Seven Democratic lawmakers on Friday issued a statement of support for those picketing Wal-Mart to urge the company to provide higher wages.
An estimated 1,500 protests will take place nationwide, one of the largest ever, activists say.
Sens. Sherrod BrownSherrod BrownSanders aide dismisses challenging Kaine VP spot Union group backs GOP Sen. Portman in Ohio race Clinton looks to expand electoral map MORE (D-Ohio), Ed MarkeyEd MarkeyFCC chief pushes phone companies to offer free robocall blocking Markey floats bill bringing internet to developing world Overnight Tech: First on The Hill – Key senators team up against robocalls | Social media giants back revenge porn bill | Facebook's diversity numbers MORE (D-Mass.), and Reps. Jan Schakowsky (D-Ill.), Judy Chu (D-Calif.), Lacy Clay (D-Mo.) Gwen MooreGwen MooreDems to Obama: End citizenship rule for education programs Overnight Finance: Republicans move to block overtime rule | House, Senate split on IRS cuts | Yellen heading back before Congress Bill would require drug test to claim high-dollar tax deduction MORE (D-Wis.) and Jim McDermottJim McDermott19 House Democrats' sites hacked at close of gun sit-in 'Will on the Hill' pokes fun at 2016 election Overnight Healthcare: House mental health bill finally moving forward MORE (D-Wash.) issued a statement of solidarity with the workers.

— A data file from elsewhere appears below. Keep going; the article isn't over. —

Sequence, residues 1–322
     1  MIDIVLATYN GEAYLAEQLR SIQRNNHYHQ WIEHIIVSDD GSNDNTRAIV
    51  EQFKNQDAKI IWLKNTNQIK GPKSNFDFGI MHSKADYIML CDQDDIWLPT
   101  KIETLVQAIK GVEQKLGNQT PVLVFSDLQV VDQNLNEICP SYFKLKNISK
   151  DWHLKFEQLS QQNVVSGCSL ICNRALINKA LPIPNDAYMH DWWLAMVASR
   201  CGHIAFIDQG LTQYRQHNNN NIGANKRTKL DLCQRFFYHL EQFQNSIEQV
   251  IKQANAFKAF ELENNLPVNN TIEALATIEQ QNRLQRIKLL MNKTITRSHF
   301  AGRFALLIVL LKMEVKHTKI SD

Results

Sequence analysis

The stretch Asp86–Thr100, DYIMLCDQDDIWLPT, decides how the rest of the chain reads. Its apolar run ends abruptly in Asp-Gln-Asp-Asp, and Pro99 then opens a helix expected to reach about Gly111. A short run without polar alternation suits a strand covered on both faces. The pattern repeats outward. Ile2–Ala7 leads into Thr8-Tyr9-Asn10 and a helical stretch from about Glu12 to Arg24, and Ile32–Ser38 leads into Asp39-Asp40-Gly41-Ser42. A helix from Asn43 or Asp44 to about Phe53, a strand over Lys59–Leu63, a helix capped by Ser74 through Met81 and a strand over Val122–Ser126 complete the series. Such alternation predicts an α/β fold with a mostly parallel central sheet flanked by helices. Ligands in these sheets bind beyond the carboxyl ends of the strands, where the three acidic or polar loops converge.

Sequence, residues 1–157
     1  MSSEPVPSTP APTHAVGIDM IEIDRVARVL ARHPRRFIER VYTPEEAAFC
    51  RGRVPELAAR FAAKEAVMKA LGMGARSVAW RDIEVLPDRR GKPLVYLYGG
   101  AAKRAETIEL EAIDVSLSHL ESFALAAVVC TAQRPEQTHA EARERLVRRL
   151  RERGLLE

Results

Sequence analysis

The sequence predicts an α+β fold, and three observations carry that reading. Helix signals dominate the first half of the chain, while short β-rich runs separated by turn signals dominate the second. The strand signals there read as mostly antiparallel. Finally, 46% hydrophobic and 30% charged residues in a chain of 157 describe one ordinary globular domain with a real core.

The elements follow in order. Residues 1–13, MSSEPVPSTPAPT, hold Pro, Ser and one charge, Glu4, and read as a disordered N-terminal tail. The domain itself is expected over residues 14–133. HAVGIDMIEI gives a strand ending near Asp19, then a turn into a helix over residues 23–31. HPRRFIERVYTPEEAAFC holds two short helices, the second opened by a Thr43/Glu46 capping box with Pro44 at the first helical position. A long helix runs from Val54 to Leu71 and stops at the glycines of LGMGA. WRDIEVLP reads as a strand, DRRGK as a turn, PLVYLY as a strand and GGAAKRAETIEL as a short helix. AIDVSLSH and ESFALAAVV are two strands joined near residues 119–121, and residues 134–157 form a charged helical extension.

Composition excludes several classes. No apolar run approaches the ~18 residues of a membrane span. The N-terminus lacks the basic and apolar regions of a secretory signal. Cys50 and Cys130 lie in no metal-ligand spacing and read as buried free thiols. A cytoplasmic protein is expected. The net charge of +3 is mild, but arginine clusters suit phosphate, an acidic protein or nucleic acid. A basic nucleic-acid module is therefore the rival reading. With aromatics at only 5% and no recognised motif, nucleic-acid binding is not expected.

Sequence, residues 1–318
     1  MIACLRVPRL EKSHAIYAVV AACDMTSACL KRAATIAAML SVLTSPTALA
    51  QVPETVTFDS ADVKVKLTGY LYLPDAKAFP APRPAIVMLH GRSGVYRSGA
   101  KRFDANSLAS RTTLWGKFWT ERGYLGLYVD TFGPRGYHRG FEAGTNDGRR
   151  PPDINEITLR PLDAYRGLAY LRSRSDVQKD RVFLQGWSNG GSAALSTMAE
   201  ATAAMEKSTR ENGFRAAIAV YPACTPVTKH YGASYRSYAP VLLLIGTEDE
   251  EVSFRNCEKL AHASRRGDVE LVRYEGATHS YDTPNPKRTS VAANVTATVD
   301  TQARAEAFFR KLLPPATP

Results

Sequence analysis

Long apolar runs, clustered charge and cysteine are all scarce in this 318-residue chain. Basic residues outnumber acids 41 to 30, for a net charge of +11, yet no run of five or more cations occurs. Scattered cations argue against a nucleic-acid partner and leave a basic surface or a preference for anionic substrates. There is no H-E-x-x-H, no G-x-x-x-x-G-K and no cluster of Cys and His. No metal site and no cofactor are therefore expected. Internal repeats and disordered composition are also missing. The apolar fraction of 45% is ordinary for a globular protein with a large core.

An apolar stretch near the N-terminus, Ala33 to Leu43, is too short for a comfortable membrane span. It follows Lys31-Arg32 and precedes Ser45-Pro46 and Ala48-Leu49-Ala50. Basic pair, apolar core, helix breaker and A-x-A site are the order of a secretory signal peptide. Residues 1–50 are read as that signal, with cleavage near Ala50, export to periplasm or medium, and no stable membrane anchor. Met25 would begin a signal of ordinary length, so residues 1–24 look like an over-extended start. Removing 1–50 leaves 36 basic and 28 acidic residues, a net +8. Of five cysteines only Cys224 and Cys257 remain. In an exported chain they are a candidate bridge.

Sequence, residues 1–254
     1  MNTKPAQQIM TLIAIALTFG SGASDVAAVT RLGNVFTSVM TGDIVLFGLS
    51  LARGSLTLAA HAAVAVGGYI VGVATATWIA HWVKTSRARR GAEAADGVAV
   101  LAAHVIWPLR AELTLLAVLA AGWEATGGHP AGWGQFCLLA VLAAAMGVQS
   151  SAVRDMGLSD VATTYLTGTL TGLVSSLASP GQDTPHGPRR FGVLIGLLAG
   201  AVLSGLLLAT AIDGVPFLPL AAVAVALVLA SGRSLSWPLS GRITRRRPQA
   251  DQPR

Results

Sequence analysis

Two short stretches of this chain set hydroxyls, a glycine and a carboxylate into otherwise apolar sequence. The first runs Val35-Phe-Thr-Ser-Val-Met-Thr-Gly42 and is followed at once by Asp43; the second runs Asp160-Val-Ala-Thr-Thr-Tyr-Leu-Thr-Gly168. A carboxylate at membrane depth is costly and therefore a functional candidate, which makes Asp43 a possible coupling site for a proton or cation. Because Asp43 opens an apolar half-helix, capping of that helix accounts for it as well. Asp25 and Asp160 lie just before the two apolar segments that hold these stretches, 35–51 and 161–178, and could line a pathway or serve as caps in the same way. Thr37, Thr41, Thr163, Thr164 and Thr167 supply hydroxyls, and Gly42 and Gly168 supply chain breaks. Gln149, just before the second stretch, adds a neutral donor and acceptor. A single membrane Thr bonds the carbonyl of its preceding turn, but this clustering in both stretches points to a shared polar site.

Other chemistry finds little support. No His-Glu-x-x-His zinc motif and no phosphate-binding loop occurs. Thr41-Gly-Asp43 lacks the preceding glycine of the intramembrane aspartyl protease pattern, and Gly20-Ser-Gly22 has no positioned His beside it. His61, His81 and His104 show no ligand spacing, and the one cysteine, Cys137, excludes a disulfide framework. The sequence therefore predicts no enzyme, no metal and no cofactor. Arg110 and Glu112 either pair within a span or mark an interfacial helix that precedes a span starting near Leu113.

“We stand with the courageous Walmart workers who are demanding better wages and an end to illegal retaliation,” the lawmakers wrote. “Walmart, the largest private employer in the United States, has a responsibility to their employees and our country to respect workers and their rights. No one should have to fear losing their jobs just for speaking up.”
United for Respect at Walmart (OUR Walmart), a subsidiary of a labor union, is helping workers organize and rally support.
The organization says the company rakes in $17 billion in profits each year and points to the $144.7 billion wealth of the Walton family, the owners of Wal-Mart.
“With as many as 825,000 Walmart workers making less than $25,000 a year and a single Walmart store costing taxpayers nearly $1 million in public assistance, the need for change is clear,” the bicameral group of lawmakers wrote in a statement. “Taxpayers should not have to pick up the tab because Walmart refuses to pay workers a living wage.”
The business community says that the protests are organized by labor unions under false pretenses — used to increase their donor roster.
“It is a well-choreographed, union-backed effort to increase organizing and increase collection of workers’ dues money. So in other words, it sort of shows that these guys are professionals who are behind the scenes here and it’s just this outswell of employee support,” said Jim Plunkett, director of labor law policy at the Chamber of Commerce.